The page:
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23-09-2010 | Oncology | Article

Comorbidity status should inform prostatectomy choice


Free abstract

MedWire News: The greater the number of perioperative comorbidities a man with prostate cancer has, the higher his risk for dying from causes other than prostate cancer after being treated with radical prostatectomy (RP), say US researchers.

The finding should alert physicians to consider comorbidity status when selecting the most appropriate treatment for prostate cancer, they write in the journal Urology.

"In light of the risk for post-treatment morbidity and the possibility of over-treatment, proper patient selection for RP is essential to minimize unnecessary patient morbidity and to manage healthcare costs," say Thomas Guzzo, from The Hospital of the University of Pennsylvania in Philadelphia, and colleagues.

The group evaluated the association between the Charlston Comorbidity Index (CCI) and death from causes other than prostate cancer in a cohort of 14,052 men treated with RP for clinically localized prostate cancer.

The CCI covers 19 conditions including heart disease, liver disease, and diabetes, which are scored based on their severity. Participants in the current study were stratified into three groups based on having a CCI score of 0 (n=12,117), 1 (n=1736), or 2 or more (n=199).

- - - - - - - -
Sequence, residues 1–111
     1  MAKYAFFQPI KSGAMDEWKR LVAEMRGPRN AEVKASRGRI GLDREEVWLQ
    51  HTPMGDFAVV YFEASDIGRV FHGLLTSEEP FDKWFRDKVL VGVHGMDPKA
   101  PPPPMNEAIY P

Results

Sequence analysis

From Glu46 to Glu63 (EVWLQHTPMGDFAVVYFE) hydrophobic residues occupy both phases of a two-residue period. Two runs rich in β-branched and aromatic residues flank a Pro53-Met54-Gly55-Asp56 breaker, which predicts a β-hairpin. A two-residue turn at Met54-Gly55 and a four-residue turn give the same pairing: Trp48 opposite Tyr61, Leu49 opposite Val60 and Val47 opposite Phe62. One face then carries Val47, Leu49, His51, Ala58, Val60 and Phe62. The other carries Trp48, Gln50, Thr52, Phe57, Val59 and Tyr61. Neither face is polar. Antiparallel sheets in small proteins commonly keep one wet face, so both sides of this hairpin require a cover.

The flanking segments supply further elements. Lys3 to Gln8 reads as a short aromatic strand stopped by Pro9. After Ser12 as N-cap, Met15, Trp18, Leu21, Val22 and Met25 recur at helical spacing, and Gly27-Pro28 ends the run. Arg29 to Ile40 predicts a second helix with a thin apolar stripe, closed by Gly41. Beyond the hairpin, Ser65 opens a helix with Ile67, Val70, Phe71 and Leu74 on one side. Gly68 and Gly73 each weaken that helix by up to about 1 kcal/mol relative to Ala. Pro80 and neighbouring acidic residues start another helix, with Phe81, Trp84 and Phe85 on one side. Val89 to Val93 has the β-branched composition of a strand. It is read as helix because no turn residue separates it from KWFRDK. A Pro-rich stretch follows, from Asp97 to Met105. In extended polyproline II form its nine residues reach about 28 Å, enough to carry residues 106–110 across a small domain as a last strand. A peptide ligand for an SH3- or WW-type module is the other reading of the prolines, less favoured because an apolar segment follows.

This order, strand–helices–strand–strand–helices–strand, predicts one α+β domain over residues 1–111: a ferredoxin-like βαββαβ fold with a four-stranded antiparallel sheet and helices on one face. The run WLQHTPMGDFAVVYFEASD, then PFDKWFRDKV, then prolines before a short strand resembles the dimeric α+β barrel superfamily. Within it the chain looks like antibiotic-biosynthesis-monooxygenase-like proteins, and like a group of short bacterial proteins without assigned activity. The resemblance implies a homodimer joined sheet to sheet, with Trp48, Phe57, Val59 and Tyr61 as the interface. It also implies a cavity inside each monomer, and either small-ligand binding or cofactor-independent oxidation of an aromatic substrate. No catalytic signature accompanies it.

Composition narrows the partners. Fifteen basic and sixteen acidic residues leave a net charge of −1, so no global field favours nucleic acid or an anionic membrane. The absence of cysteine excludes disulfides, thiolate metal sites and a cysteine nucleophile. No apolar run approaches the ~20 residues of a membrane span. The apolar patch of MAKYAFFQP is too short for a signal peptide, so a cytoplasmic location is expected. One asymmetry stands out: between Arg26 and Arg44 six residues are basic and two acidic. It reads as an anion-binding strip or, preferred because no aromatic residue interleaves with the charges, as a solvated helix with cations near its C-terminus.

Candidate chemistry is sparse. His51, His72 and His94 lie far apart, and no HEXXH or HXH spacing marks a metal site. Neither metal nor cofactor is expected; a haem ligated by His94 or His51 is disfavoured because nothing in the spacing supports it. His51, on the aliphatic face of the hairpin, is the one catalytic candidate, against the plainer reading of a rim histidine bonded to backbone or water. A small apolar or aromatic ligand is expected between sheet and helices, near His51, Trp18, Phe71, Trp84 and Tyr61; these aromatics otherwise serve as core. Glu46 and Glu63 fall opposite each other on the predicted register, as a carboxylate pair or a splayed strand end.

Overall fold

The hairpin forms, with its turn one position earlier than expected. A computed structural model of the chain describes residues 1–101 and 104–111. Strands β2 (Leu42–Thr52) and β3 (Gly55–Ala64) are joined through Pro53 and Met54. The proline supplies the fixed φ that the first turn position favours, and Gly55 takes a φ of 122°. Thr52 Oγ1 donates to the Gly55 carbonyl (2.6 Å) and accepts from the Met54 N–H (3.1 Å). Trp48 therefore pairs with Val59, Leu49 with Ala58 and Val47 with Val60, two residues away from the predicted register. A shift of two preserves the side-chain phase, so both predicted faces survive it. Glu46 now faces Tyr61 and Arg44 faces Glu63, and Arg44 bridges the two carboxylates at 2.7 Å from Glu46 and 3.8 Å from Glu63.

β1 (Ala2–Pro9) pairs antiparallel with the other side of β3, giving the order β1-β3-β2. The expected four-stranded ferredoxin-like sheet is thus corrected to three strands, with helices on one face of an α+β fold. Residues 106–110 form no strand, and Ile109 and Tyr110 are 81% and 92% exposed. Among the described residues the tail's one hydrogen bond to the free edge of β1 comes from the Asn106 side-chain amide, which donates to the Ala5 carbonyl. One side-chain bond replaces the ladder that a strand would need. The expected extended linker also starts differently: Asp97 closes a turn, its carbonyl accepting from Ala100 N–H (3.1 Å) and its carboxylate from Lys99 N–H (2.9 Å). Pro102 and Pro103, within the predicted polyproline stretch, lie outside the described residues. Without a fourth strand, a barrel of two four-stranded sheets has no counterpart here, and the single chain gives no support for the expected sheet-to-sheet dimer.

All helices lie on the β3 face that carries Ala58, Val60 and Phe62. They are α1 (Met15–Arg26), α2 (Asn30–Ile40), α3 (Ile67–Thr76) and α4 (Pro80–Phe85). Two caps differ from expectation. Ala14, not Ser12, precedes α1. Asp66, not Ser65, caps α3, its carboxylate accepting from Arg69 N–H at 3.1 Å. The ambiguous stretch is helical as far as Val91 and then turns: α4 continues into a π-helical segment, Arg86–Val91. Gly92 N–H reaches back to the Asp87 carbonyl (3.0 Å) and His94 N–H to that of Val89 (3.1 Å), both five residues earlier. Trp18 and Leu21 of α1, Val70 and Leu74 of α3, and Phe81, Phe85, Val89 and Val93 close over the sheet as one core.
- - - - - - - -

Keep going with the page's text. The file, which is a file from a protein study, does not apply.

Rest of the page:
After a median follow-up of 7.6 years, 849 (6%) men died: 250 (29%) from prostate cancer, and 599 (71%) from other causes.

The rate of death from causes other than prostate cancer (after adjustment for age) significantly increased with increasing CCI score, report Guzzo et al, rising from 5.2 deaths per 1000 person-years for a score of 0 to 11.4 deaths per 1000 person-years for a CCI score of 2 or higher.

Conversely, the rate of death from prostate cancer decreased with increasing CCI score, remarks the team.

Furthermore, men in the highest CCI score group were twice as likely as men with lower scores to die from non-prostate cancer-specific causes (hazard ratio [HR]=2.18), and adjusting this result for known survival predictors (Gleason score, age, etc) made no significant difference (HR=2.09).

The overall estimated probability of age-adjusted, non-prostate cancer-specific survival among men with the highest CCI scores at 5, 10, and 15 years from RP, was 96.6%, 88.2%, and 74.9%, respectively, Guzzo and colleagues note.

"Our results highlight the importance of consideration of comorbid illnesses in proper patient selection for RP," they conclude.

MedWire ( is an independent clinical news service provided by Current Medicine Group, a trading division of Springer Healthcare Limited. © Springer Healthcare Ltd; 2010

By Sarah Guy

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